Combating Hate Speech Project: Wall of Shame 13 October 2015
Today, Tuesday (13.10.15), the initial event organized by the Helsinki Committee for Human Rights on the project against hate speech supported by NED (National Endowment for Democracy) was held marking the launch of the Platform for Combating Hate Speech, coordinated by the Committee and open for any organization or individual to join, followed by the promotion of the Wall of Shame, erected in order to raise the public awareness about the presence of hate speech in the public sphere and the launch of the study "Analysis of the situation, protection and possibilities for prevention of Hate Speech in the Republic of Macedonia", prepared by the Helsinki Committee for Human Rights.
Some of the findings from the Analysis were presented to the public during the initial event, highlighting the fact the highest frequency of hate speech was observed during the pre-election periods, on grounds of ethnicity.
Furthermore, according to the same findings, the highest number of reports of hate speech are on grounds of ethnicity, race and religious affiliation, as well as on grounds of language and nationality. Hate speech on grounds of sex, gender, sexual orientation and gender identity is also considerable.
During the event, Elena Brmbeska, the project-coordinator, stated: "There is a low level of awareness among the citizens when it comes to what hate speech is. Therefore we have undertaken a line of activities in order to raise this awareness among the people since the public prosecution has a low rate of response toward hate speech, the legal definition is rather inadequate and there are no repercussions for the perpetrators. The project covers several activities such as lobbying towards prevention of hate speech, as well as awareness-raising among the citizens and in the institutions".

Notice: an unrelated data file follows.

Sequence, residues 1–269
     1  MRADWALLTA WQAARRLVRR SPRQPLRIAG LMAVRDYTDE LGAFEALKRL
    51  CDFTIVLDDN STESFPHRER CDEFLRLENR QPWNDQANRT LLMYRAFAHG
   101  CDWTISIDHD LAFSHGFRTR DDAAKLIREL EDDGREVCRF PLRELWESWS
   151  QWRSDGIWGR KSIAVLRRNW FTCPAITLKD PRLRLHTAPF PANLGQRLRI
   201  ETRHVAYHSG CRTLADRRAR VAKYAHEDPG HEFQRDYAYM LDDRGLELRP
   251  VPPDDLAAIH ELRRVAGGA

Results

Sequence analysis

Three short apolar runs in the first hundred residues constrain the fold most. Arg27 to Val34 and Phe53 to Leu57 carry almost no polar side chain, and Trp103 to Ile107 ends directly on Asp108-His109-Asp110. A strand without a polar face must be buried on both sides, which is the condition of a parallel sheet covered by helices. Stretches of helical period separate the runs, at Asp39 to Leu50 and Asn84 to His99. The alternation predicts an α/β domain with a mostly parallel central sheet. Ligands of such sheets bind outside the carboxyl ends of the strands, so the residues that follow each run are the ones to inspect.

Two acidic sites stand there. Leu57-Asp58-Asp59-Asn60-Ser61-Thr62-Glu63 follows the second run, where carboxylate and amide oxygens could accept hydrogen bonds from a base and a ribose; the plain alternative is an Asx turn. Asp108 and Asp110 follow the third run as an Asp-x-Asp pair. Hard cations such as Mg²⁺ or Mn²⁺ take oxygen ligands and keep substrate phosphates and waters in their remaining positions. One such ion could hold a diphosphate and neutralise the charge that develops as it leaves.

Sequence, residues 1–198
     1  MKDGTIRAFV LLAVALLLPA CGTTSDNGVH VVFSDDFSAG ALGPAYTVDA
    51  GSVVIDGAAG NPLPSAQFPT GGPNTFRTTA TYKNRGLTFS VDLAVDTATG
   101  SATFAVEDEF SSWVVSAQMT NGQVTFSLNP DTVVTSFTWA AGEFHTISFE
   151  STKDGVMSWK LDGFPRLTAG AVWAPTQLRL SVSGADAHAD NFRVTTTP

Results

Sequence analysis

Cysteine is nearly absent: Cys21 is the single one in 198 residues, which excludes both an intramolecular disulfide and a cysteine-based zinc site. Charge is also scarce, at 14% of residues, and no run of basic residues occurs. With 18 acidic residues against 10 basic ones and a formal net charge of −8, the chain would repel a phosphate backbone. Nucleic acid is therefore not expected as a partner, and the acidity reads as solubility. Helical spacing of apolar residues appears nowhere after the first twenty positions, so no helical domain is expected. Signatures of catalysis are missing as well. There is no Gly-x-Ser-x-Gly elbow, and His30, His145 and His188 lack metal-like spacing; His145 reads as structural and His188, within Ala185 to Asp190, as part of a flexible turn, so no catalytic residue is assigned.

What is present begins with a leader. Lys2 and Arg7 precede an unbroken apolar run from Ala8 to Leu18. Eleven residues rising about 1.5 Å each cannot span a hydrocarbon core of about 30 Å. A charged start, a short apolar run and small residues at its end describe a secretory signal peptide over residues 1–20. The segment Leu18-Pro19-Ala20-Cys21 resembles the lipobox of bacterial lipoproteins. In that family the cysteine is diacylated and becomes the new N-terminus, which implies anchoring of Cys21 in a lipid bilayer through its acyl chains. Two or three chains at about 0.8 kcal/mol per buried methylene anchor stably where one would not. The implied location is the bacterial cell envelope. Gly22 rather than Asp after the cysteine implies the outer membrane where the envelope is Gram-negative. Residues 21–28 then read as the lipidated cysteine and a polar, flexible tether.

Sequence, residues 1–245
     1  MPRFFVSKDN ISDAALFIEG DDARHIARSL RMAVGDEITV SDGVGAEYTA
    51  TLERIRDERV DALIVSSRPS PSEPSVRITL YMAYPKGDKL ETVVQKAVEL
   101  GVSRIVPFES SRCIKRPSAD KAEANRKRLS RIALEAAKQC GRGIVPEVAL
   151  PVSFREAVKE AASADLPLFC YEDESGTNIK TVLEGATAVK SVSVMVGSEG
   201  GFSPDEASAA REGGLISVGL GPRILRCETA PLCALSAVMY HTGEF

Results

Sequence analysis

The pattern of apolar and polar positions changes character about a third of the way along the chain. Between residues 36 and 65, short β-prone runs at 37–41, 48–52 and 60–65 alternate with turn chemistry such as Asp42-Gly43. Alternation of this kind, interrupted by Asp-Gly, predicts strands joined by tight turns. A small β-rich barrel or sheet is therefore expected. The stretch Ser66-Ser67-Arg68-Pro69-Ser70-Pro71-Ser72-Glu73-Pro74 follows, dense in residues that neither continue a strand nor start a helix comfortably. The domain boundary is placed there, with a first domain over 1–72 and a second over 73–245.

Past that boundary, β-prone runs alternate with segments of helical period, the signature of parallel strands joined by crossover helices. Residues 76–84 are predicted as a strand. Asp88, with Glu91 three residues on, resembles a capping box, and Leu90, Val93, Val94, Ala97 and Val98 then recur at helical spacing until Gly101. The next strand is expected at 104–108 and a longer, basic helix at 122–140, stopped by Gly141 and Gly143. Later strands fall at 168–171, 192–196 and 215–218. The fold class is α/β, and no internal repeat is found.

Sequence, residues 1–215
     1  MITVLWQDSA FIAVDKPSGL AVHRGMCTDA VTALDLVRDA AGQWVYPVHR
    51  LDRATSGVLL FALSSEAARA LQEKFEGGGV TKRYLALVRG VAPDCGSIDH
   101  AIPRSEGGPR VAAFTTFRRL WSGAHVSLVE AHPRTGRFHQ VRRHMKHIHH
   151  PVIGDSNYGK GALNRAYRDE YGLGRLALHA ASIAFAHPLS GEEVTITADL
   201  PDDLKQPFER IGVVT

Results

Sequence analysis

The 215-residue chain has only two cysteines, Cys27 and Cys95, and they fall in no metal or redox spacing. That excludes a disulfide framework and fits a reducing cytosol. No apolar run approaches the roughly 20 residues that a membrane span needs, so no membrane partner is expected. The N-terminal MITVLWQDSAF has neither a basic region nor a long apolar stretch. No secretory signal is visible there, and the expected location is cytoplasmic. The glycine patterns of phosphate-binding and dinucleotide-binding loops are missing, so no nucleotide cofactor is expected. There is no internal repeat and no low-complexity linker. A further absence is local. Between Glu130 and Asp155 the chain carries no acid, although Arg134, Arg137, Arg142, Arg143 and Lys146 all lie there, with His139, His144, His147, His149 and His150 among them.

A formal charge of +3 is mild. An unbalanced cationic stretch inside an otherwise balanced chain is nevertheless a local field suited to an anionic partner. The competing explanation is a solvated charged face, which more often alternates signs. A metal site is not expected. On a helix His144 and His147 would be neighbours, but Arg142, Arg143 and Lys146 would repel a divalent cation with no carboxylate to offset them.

The setting up of the "Wall of Shame" during this initial event related to the project against hate speech, was in order to point out to the presence of hate speech in the public sphere which is largely encouraged by the appearances of public personalities who regularly use and spread hate speech.
Kocho Andonovski, the program director of the LGBTI Support Center and the first gay man to have officially come out of the closet in Macedonia also addressed the attendees, pointing out that ten years after his coming out hate speech has increased in intensity and keeps of gaining ground: "Ten years ago, when I first came out as gay in Macedonia, there were negative reactions, but there was no hate speech in such proportions. Unlike then, today, unfortunately, instead of seeing hate speech diminish, we testify that not only has it become a way of life, but it has also penetrated out homes, which is appalling for a society which should be making progress and becoming more open".